A new study released this month by the National Bureau of Economic Research, a nonprofit organization, found that teen suicides are “closely tied” to in-person schooling.
According to the report titled “In-Person Schooling and Youth Suicide: Evidence from School Calendars and Pandemic School,” there has been a consistent increase in youth suicides since 2006.
Research revealed that from 1990 to 2019, there was a “historical association between teen suicides and the school calendar.” When children are home from school during summer months and winter holidays, youth suicide rates decrease, and when they return to class, the rates increase.
Notably, suicide rates for young adults remained the same during the summer months and the December holiday season.
“We show that suicides among 12-to-18-year-olds are highest during months of the school year and lowest during summer months (June through August) and also establish that areas with schools starting in early August experience increases in teen suicides in August, while areas with schools starting in September don’t see youth suicides rise until September.”
According to researchers, this pattern changed in 2020 following the COVID shutdowns. In March 2020, youth suicides dropped drastically. However, when kindergarten through 12th-grade students returned to in-person schooling in fall 2020, suicide rates began to increase once again.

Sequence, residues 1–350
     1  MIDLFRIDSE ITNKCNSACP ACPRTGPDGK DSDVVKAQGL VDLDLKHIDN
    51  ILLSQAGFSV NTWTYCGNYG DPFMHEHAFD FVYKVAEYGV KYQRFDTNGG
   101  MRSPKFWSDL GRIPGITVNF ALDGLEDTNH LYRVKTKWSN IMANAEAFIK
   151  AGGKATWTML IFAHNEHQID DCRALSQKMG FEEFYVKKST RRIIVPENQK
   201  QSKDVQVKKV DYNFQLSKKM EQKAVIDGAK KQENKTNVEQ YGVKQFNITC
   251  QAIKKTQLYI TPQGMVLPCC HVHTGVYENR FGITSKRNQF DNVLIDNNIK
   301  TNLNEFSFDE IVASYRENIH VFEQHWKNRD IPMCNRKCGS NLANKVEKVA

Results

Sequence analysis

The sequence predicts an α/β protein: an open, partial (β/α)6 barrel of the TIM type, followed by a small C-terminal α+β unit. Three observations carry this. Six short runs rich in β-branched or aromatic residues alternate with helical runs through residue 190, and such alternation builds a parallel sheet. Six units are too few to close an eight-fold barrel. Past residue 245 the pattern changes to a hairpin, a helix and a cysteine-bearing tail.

The study revealed a 12-18% increase in youth suicide rates during seasons children were attending in-person classes.
“Across all of our analyses, our results repeatedly and convincingly [show] that in-person schooling is a contributor to teen suicide,” the report stated.
The study makes clear that it does not argue for school closures or remote learning. Instead, it “shines a light on the continued need for more research on youth mental health and deeper investigation why it declines for some students when school is in session,” the authors stated.
In fact, the report touted the “substantial long-term benefits to education” and noted the “growing body of research” that school closures likely negatively impacted youth isolation and mental health and created “many other adverse spillover effects.” It cited a report in the CDC’s Morbidity and Mortality Weekly Report that suggested suicide attempts rose 50% among young women during the COVID lockdowns.
The study’s authors hope “future research and policy could focus on the determinants and consequences of bullying victimization, and the role that other policies — such as access to mental health care and safe storage of guns — could play in reducing these risks.”